I have never eaten at Koppe before, there are two locations thought, you guys probably went to the newer one.

Did you like Bryan/College Station?

Was it bigger or smaller than you expected?

Did you get to see the A&M skyline and or major street Texas Avenue?

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Do you know what was around that area? (feed barn)??

You just thought it was small because I am sure you did not see anything.

A&M Campus

Post Oak Mall

the main street through both cities Texas Avenue

The many new upscale shopping places etc.

you can see some of it here:

http://forum.skyscraperpage.com/showthread...25&pagenumber=1

http://forum.skyscraperpage.com/showthread...ght=bryan+texas

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That is a planned light rail corridor through uptown, but I don't see it coming into service for another 10 years or so. I think it'll definetly happen though.

I think the preliminary studies showed the alignment along North Post Oak then along the West Loop, and finally down Post Oak. It will have to cross US 59 to get to the East-West line that will be proposed along Westpark.

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The Hilton Garden hotel will be 8 stories. Also, by Sage and W Alabama there will be an 11 story hotel. I saw a post here or on the Houston BizJournal that gave the name of the hotel.

While 8 and 11 are not highrise, they definetly add to the infill of Uptown.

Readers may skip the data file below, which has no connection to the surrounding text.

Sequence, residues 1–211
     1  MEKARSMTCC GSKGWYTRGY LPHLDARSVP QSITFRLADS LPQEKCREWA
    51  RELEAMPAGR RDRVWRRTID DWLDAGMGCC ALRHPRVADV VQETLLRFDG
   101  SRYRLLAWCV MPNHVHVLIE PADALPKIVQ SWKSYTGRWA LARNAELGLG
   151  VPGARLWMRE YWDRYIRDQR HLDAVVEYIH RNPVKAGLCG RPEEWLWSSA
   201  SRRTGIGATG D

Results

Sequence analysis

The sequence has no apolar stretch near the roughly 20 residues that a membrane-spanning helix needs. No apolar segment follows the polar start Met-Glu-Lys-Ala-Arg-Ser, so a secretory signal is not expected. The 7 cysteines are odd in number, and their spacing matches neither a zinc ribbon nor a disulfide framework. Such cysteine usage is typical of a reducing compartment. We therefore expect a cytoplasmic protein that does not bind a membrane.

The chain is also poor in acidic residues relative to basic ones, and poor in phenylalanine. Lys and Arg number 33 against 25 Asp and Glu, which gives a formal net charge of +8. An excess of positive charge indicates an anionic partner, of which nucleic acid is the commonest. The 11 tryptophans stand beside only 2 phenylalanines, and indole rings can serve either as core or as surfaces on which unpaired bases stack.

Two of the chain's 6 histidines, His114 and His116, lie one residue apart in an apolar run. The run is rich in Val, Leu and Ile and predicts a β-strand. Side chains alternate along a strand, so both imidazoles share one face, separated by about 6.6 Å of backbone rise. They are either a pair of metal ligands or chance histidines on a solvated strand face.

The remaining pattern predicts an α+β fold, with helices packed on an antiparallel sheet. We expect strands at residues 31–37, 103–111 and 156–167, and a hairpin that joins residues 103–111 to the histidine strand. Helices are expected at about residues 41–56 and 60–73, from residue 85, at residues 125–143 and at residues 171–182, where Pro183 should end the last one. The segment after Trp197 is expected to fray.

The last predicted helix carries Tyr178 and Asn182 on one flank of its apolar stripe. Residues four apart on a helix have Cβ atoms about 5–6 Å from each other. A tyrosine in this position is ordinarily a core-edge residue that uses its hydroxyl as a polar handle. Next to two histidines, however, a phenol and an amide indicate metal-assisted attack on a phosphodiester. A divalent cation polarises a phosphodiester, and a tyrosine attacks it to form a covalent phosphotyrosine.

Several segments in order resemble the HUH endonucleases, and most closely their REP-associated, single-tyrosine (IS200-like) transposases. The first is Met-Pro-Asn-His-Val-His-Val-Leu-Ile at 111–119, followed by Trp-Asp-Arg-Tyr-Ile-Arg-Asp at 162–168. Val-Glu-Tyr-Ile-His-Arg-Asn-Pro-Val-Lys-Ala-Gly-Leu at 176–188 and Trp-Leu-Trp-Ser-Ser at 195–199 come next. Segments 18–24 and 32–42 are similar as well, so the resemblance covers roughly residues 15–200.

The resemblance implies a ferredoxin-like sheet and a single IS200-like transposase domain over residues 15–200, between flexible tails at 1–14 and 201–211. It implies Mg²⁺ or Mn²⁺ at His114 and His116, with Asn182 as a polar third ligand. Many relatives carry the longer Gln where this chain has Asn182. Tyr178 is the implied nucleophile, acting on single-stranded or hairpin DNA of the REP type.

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True. Of course I don't what this urban feeling is that everyone talks about. An urban feeling to me would be that it is like urban but not really urban. It would be a fake.

I would rather say that uptown is getting a more dense feeling.

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Yes,

Its definitely a matter of opinion. My home town of about 20,000 people has a downtown with many shops, bars, restaurants in 100 year old buildings. Looks kind of like a mini french quarter. On the weekends at night the streets are packed with bar patrons from the university and locals. During Mardi Gras the streets look like bourbon street. There are apartments and offices above the retail and restaurants. It is quite urban. You can easily just park and spend the whole day walking. And all this exists with a Wal-Mart Supercenter in town too. So much for killing small business like everyone claims.